Attempting the challenge of reviewing any new INTER ARMA album these days feels like throwing oneself off the outer ridge of some deep underground gorge into a bottomless, dark, silent abyss. Quite how the Richmond, Virginia five-piece manage to maintain their momentum of generating some of the most out-there, genre-collapsing, doom-drenched prog-metal is by this point frankly beyond me. “Sulphur English” once again fails to do very little but excite, delight and terrify both new and long-time listeners as Inter Arma bludgeon forth yet another new path in extreme music.
The eerie “Bumgardner“ initial high-pitched swathes of intro noise give way to the frantic, yet melodically soulful death metal crush of “A Waxen Sea”. TJ Childers’ acrobatic, yet contemplative finesse behind the kit is once again the epicentre of everything INTER ARMA strive for whilst Mike Paparo’s backhanded returns again to slither around the guitars like a serpent lost in a sewer of liquid bile. The more swaying and staggering grooves of “Citadel” represents a bout of more straight-up to-the-point death-doom as ghostly backing vocals echo back from the face of Childers enormous kicks and collide with Trey Dalton and Steven Russell’s searing guitar solos into a smouldering pot of molten anguish and tantalising trepidation.
The totemic “Howling Lands” is a clear highlight. Childers’ gigantic war-toms give way to riffs the size of galaxies as Paparo’s voice resonates through every reference point from gospel gothic to black metal’s grim incisions. There’s everything packed into this one, from brick-wall-slamming riffage to cold, calculated kit murder as INTER ARMA slide as one entity through the most desolate of wastelands.
“Stillness” is sure to win the majority of plaudits for its relative accessibility and breadth of capabilities in the band’s repertoire. With choral chimes and gentle guitar motifs elevating Paparo’s remarkable vocals ever higher above the dimly-lit suburban skies, it’s perhaps a moment in INTER ARMA’s career when you can see potential future wholescale shifts for this band away from “metal” altogether, into full-time Blade Runner-esque dystopian landscape music creation. Inevitably though they slowly build the swirling atmospherics back to a storming crescendo edged with crunch-laden might, but it’s the non-linear direction they take to get there that’s most glorious here on this nine-minute epic centrepiece.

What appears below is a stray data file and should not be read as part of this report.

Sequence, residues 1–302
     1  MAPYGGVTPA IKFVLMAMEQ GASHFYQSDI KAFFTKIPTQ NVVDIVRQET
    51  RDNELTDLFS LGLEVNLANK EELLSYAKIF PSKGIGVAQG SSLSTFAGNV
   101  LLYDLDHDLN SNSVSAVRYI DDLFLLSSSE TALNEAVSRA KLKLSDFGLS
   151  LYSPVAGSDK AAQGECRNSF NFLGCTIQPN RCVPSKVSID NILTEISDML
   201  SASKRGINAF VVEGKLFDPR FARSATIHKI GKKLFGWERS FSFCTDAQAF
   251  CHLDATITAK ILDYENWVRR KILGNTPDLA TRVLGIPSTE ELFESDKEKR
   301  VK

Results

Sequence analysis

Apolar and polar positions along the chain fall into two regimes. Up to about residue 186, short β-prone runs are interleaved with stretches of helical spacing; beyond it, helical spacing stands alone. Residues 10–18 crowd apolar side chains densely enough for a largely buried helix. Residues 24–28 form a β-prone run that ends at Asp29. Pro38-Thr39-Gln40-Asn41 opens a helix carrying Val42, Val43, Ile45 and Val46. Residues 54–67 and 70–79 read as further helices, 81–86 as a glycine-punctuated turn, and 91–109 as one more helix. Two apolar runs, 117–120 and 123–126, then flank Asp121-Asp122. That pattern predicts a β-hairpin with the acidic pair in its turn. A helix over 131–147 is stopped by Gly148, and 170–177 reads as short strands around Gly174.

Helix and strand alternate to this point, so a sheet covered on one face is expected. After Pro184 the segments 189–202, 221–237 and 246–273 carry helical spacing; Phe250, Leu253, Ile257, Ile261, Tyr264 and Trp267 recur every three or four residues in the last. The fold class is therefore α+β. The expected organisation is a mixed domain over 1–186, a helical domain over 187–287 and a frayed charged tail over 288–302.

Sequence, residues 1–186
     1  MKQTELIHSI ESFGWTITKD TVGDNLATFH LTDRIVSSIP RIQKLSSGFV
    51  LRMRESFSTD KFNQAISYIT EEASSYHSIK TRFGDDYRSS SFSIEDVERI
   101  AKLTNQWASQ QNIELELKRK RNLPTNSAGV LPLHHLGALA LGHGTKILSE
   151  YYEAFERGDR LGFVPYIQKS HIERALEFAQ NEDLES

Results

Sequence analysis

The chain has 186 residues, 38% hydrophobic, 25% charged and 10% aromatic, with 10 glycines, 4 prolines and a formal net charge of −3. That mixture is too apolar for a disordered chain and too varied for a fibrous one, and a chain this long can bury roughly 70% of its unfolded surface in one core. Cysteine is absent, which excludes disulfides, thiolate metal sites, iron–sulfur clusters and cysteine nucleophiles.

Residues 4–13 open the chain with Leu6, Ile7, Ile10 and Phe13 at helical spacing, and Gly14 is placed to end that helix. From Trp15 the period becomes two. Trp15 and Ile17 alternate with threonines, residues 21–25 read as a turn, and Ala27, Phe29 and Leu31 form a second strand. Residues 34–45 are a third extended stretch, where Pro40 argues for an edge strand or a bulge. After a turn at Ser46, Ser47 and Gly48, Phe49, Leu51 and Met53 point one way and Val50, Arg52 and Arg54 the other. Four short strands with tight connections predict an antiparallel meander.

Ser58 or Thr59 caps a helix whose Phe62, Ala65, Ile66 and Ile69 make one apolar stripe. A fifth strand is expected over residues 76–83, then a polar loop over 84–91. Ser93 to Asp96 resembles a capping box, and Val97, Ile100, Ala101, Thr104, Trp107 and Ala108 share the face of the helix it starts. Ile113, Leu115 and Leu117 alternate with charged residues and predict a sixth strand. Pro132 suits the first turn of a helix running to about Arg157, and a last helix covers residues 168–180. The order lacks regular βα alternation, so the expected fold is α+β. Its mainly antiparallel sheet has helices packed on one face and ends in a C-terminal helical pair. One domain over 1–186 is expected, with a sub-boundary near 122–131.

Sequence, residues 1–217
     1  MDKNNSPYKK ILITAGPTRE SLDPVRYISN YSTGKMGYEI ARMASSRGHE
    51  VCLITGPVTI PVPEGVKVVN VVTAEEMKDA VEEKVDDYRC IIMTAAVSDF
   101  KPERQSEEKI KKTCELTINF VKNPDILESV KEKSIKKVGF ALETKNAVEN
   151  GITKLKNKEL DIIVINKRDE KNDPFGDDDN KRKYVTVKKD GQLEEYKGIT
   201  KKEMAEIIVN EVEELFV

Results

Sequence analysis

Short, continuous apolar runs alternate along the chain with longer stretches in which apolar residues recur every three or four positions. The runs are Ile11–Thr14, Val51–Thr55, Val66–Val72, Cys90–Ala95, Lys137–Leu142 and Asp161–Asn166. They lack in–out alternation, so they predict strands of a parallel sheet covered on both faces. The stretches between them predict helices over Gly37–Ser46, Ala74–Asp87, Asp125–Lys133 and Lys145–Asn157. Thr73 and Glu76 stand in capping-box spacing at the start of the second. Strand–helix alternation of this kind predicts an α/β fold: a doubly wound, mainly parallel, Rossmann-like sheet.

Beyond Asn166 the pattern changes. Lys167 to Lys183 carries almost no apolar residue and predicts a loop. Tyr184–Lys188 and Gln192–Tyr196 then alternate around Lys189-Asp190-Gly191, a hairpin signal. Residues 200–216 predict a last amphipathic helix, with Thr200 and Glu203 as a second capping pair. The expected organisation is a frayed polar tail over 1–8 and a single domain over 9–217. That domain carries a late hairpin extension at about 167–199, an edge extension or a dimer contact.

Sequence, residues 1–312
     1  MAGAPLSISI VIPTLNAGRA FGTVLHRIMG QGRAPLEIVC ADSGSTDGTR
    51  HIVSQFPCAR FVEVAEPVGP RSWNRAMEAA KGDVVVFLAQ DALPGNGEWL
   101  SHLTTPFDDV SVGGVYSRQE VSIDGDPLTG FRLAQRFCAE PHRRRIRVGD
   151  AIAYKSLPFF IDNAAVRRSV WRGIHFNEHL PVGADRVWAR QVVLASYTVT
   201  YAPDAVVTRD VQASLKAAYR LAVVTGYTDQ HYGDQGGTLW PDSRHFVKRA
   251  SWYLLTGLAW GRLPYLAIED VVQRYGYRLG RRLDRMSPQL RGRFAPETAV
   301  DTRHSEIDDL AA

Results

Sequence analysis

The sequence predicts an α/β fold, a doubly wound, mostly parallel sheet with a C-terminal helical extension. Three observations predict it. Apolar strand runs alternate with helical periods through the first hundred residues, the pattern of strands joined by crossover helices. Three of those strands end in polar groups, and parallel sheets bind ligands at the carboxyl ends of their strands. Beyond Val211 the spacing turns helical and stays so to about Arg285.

But hey if you want heavy, like brutal, filthy heavy, INTER ARMA can sure as shit still do that too. The gruelling 12-minute slog of “The Atavist’s Meridian” puts you back on a collision-course with the darkest forces if your own mind as Dalton and Russell lead a bleak onslaught through fields scorched with blackened post-metal riffs and fractured, yet hypnotising rhythms.
Following the crazed extensive noisecore of “Blood on the Lupines”, the closing title track essentially sums up the many elements of talent that makes a band like INTER ARMA so unique. From the uncompromisable blasting of TJ Childers, to the labyrinth dual-guitar journeys down bottomless extreme metal rabbit holes to the gnarled, rabid bark of Mike Paparo, the five-piece suffocate all that is positive in the existence of the world today through twelve strong minutes of strangulating jazz-death. So many of our human senses are being utilised far beyond their design at this closing stage that in some ways it’s a solemn relief when the stylus finally leaves the wax.
My mind is exhausted. My ears require bedrest. My soul feels like it has suffered. But was it worth it? Of course it was. It always is with these guys. Listen again. Listen loud. Listen without distraction. Sulphur English’s abyss is calling for you again. And again. And Again.
Last modified: 18 August 2019